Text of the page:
The frame side wall 32 and the corresponding adjacent surfaces of the cylinder cap 26 and the end wall 33 are also provided with four radially spaced vane receiving slots 40 for slidably receiving a portion of the vane subassemblies 14. Each vane receiving slot 40 includes a wipe bushing seal detent 41. A set of four vane mounting detents 42 are formed opposingly in each of the cylinder cap 26 and the cylinder frame end wall 33. Intermediate each opposed pair of vane mounting detents 42 the side wall 32 is provided with an axial pivot bushing slot 43 extending the entire axial length of the side wall 32. Each of the sets of four corresponding vane receiving slots 40 and vane mounting detents 42 provides support and positioning for a single vane member 44, four of which comprise the preferred vane subassembly 14.
As is shown especially in FIGS. 1 and 2, the vane receiving slots 40 extend substantially outward from the cylindrical volume 28. This requires a deformation of the cylinder frame 24 in order to maintain sealed integrity about the vane receiving slots 40. The shaping of the vane receiving slots 40 is selected to allow each vane member 44 a limited degree of rotation about a vane rotation axis 45. Each of the vane members 44 has its vane rotation axis 45 aligned parallel to the central axis 11 and passing through the opposed vane mounting detents 42. In the preferred embodiment the degree of rotation of the vane members 44 about the vane rotation axis 45 is about 40°, with the degree being limited by the rotor subassembly 16 and the cylinder side wall 32.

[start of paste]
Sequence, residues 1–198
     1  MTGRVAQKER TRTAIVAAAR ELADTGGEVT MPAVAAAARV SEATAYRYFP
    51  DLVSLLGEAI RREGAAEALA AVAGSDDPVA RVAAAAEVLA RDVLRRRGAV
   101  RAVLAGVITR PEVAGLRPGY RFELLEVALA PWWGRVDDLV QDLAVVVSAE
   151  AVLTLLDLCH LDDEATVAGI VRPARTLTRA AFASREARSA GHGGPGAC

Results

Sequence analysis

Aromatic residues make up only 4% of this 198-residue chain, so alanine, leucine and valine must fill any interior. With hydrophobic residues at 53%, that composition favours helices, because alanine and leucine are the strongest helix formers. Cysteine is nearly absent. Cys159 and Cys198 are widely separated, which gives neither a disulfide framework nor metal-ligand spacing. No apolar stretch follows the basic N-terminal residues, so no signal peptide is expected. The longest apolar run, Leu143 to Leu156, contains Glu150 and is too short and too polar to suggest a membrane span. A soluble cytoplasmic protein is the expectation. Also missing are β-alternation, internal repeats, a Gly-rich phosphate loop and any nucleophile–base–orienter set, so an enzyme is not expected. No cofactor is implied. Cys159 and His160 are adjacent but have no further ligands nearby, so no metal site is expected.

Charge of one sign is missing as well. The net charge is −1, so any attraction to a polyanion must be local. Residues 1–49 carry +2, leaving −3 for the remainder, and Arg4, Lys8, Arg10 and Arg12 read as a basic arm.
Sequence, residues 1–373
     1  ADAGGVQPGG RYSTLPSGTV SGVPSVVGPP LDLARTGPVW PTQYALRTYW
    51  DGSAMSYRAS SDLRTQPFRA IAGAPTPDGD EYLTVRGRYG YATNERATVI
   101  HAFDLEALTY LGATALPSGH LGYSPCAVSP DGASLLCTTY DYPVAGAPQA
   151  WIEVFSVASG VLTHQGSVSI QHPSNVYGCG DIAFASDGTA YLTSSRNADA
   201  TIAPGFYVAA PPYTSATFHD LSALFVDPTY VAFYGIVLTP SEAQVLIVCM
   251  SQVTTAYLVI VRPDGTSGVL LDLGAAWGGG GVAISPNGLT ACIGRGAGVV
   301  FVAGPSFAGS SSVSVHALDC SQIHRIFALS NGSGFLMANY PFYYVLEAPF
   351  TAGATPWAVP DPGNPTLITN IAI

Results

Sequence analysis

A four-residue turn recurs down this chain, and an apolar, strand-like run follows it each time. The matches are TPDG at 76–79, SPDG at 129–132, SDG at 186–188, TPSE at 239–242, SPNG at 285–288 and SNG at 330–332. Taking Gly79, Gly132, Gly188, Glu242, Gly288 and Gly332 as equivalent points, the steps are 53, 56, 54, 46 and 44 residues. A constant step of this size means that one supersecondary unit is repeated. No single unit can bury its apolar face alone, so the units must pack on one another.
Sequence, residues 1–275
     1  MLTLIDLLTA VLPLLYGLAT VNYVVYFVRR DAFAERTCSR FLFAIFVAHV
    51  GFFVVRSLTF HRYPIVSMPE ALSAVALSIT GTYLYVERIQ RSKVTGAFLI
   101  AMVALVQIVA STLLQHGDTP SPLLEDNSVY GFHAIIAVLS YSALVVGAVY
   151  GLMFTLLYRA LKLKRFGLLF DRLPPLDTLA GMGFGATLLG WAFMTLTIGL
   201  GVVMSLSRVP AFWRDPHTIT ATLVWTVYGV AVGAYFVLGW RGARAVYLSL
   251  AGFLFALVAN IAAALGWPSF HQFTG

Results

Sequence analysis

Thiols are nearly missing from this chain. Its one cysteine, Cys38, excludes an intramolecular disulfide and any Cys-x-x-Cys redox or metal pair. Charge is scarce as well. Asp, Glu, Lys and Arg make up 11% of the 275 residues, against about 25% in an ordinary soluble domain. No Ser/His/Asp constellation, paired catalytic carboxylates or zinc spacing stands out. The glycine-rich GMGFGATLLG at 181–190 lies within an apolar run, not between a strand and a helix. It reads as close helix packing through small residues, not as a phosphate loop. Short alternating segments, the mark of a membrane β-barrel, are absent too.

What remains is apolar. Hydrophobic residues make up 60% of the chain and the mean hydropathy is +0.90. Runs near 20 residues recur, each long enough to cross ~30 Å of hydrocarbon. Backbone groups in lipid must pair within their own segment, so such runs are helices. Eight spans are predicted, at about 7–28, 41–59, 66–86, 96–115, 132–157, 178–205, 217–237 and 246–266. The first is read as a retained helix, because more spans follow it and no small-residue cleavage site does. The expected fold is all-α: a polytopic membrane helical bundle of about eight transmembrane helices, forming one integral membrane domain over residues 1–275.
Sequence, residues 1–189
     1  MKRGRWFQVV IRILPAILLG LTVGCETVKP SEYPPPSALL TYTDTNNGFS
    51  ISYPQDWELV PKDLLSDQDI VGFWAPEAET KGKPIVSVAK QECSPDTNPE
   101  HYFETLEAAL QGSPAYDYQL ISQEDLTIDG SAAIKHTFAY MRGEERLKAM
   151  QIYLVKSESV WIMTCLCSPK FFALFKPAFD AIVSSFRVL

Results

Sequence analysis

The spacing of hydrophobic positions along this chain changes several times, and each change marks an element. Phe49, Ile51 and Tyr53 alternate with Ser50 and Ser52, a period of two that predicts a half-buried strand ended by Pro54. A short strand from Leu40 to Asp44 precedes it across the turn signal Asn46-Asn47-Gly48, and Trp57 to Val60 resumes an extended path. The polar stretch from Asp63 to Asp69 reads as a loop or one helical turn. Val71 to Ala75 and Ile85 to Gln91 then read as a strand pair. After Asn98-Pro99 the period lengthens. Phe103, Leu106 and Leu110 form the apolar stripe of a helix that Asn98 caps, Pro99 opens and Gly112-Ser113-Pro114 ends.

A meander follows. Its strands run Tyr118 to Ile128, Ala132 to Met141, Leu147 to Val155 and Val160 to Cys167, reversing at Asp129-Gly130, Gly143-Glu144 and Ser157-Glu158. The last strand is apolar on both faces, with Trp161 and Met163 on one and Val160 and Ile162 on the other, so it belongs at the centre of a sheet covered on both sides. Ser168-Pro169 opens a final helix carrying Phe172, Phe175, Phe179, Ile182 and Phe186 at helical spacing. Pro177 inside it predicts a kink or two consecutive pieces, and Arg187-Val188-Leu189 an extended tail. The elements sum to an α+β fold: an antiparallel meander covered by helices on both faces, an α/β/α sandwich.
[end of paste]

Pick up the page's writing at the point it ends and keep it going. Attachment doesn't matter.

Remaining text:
The vane subassembly 14 is especially shown in FIGS. 2, 3 and 8 and is adapted to be contained within the interior of the cylindrical volume 28, with the four vane members 44 serving to divide the cylindrical volume 28 into five mutually isolated variable volume subchambers As is especially illustrated in FIG. 2, the vane subassembly 14 includes the four distinct vane members 44, designated as a first vane 46, a second vane 48, and third vane 50, and a fourth vane 52.